The New York Jets taught us a few things in their 32-31 loss to the New York Giants Saturday night. Were any of those lessons positive?
It wasn’t all doom and gloom for the New York Jets in their third preseason game. Sheldon Richardson was dominant, consistently getting in Eli Manning‘s face. The team’s top receiver may have emerged from a pool of mediocrity.
But even when things are going well for this team, they somehow end badly. Why? Because apparently, the Jets simply aren’t allowed to have nice things.
What else did we learn? Let’s take a look.
Christian Hackenberg Isn’t Ready
Sure, the Penn State product led the Jets on a late touchdown drive, but the “Hack Attack” looked pretty awful. He completed just 8-of-15 passes for 60 yards while playing the entire first half, tossing a pair of interceptions that were returned for touchdowns.
— New York Giants (@Giants) August 26, 2017
From the time the ball is snapped, Hackenberg never takes his eyes off of Tomlinson. Not once. Collins was going to pick that off before the ball ever left his hand. Had Hackenberg looked anywhere else—even for a half-second—that play probably ends differently.
We can’t blame Hackenberg for the second pick six, however. He completed the pass to Robby Anderson, who promptly got popped by Giants corner Janoris Jenkins. The ball popped out and fellow corner Donte Deayon was simply in the right place at the right time.
DID YOU SEE THAT?!?! Donte Deayon with the Pick 6!! pic.twitter.com/sfnpInF4kU
— New York Giants (@Giants) August 27, 2017
In fact, Hackenberg actually showed some poise on this play, completing the pass with his pocket collapsing. Speaking of the guys responsible for that pocket…
The Offensive Line Is…Offensive
Heading into the game, the official word was that no one had a guaranteed job on the O-Line. “Five,” was offensive line coach Steve Marshall’s answer when asked by Zach Braziller of the New York Post how many jobs were still up for grabs.
The unit was consistently overwhelmed by the Giants defense, allowing Hackenberg to get sacked three times and knocked down a lot more.
Multiple linemen got beat on the Giants’ second sack. Ex-Jet Damon Harrison manhandled center Wes Johnson, forcing Hackenberg to move…right into the waiting arms of Jason Pierre-Paul, who had his way with right tackle Brandon Shell.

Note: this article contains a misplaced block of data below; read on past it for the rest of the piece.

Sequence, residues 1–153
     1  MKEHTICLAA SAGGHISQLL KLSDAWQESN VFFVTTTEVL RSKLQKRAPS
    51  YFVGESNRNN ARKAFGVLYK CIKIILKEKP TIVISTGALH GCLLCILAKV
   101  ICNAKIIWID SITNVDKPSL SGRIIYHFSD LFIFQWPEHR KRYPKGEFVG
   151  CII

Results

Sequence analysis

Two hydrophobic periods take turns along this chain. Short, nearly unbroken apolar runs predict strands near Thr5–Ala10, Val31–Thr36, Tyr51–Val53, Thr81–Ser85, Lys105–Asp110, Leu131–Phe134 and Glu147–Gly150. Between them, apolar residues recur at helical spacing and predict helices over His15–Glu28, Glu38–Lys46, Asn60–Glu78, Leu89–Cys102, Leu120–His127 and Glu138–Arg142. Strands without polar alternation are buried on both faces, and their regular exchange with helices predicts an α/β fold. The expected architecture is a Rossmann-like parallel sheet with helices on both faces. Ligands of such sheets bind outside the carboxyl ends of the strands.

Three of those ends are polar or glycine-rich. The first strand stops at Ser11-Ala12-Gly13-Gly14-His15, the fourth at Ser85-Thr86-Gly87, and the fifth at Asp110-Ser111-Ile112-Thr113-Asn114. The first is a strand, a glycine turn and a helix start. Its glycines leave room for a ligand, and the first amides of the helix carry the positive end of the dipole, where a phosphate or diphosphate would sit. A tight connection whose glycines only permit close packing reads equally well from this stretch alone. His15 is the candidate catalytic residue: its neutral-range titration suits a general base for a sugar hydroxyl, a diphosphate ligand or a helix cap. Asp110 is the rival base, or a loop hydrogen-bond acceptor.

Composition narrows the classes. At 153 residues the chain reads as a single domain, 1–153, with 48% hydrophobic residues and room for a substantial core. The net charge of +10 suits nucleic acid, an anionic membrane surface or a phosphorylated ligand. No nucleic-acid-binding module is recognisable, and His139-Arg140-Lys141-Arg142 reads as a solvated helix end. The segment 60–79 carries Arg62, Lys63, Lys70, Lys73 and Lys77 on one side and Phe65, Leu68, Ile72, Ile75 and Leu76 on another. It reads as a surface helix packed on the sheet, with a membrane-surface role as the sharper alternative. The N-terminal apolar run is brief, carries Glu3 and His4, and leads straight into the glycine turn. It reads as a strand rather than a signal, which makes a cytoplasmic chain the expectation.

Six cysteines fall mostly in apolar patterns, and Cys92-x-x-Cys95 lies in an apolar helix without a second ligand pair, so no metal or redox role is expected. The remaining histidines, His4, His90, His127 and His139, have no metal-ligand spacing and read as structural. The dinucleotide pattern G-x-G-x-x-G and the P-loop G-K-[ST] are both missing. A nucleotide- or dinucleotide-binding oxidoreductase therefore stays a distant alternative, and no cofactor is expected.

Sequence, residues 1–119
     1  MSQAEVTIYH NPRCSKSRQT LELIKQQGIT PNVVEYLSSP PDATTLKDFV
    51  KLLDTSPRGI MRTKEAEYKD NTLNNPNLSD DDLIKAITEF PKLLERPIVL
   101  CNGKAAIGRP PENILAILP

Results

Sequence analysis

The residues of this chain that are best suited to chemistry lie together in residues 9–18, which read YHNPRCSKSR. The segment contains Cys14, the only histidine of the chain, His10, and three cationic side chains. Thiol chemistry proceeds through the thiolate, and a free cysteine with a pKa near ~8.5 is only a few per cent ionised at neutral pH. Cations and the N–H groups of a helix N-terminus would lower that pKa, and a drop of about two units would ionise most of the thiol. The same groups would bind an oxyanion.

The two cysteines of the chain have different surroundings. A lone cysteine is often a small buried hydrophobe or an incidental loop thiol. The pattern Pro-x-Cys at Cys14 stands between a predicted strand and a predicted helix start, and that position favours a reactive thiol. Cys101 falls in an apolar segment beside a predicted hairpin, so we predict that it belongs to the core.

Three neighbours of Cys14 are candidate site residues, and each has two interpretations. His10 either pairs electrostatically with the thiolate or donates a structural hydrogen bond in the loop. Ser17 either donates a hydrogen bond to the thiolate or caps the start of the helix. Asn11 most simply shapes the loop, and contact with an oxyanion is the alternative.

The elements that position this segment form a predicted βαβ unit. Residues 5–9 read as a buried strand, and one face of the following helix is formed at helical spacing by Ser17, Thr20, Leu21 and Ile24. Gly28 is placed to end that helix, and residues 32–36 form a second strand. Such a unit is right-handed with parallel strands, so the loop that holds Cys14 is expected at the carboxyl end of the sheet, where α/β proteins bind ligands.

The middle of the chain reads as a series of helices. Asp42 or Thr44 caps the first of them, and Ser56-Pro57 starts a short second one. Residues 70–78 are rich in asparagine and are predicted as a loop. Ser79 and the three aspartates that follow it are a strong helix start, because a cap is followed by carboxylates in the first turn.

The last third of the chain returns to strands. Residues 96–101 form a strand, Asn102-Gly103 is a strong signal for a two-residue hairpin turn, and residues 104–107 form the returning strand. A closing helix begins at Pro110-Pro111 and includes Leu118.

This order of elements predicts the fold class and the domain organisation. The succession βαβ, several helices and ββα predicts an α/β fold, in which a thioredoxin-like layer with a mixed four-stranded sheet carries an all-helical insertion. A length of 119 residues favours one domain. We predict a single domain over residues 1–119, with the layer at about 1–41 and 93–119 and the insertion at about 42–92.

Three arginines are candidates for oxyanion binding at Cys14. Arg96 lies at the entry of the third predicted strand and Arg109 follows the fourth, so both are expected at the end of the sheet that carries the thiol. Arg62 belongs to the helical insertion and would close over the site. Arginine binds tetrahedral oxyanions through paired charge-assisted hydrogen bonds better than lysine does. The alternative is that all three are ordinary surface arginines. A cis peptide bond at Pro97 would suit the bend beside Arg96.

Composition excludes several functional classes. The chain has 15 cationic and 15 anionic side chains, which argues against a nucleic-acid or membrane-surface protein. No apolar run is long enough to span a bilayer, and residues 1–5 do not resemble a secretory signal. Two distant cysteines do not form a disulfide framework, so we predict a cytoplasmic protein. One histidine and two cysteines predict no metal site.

To be fair, the Giants have one of the best defenses in the NFL. The Jets won’t be facing such a high-octane pass rush on a weekly basis. But unless this group drastically raises the level of its play, it won’t matter who the quarterback is.
Sadly, the offensive line is responsible for knocking the guy who looked the best under center out of the game—and maybe out of action, period.
Bryce Petty Earned The Starting Nod
Would the second-year pro out of Baylor University had as much success against Big Blue’s first-team defense? Probably not.
But his numbers—15-of-18 for 250 yards, three touchdowns and a two-point conversion— were impressive nonetheless. In fact, Petty did something that the Jets haven’t seen in nearly 20 years.
Petty is first Jets QB w/ 3 TD passes in PS game vs Giants since Ray Lucas had 3 in 2000 game.
— Randy Lange (@rlangejets) August 27, 2017
Unfortunately for Petty and the Jets (cue Elton John music), his impressive night was cut short.
Late in the fourth quarter, reserve guard Ben Braden got knocked to the ground and rolled up on Petty’s leg. He immediately crumbled to the field, clutching his knee.While he was able to walk off the field, things didn’t sound good after the game.
Ominous words from Jets QB Bryce Petty on his injured knee: "It's not stable." He will have an MRI tomorrow. https://t.co/ysVn8jppIc
— Rich Cimini (@RichCimini) August 27, 2017
Let’s hope it’s nothing serious, but it’d be shocking if the Jets weren’t forced to sign a veteran free agent early next week. I wonder if Lucas is still in playing shape?
ArDarius Stewart: No. 1 Receiver?
Why not? Quincy Enunwa is out for the year, Anderson is maddeningly inconsistent and, while Bilal Powell led the team in receiving Saturday night (four catches, 110 yards, touchdown), the Jets aren’t going to split the tailback out wide.
Stewart caught nearly everything thrown in his direction, finishing the night with five catches for 82 yards and two touchdowns.
He isn’t the biggest guy in the world (5’11”, 204 pounds), but the third-round pick out of the University of Alabama has the hands, speed and athleticism to succeed against bigger defenders.
Muhammed Wilkerson Was Invisible
Did you see him? I only ask because, well, you needed to really pay attention to find him on the field. That’s not a good thing when you’re talking about a 6’4″, 305-pound defensive tackle.
Facing an offensive line that’s only slightly better than his own, Wilkerson was a complete non-factor in the game. He didn’t get on the scoresheet until the Giants’ fifth drive of the game, dropping Orleans Darkwa behind the line of scrimmage for a one-yard loss.
That was his lone contribution. He wasn’t able to disrupt anything the Giants were trying to do—and he was facing a reserve offensive lineman (Brett Jones) most of the night.
It wasn’t that long ago that Wilkerson was someone opposing teams had to gameplan for. But entering year two of the five-year, $86 million deal he signed before last season, those days seem like a distant memory.
Perhaps Wilkerson is content to just show up.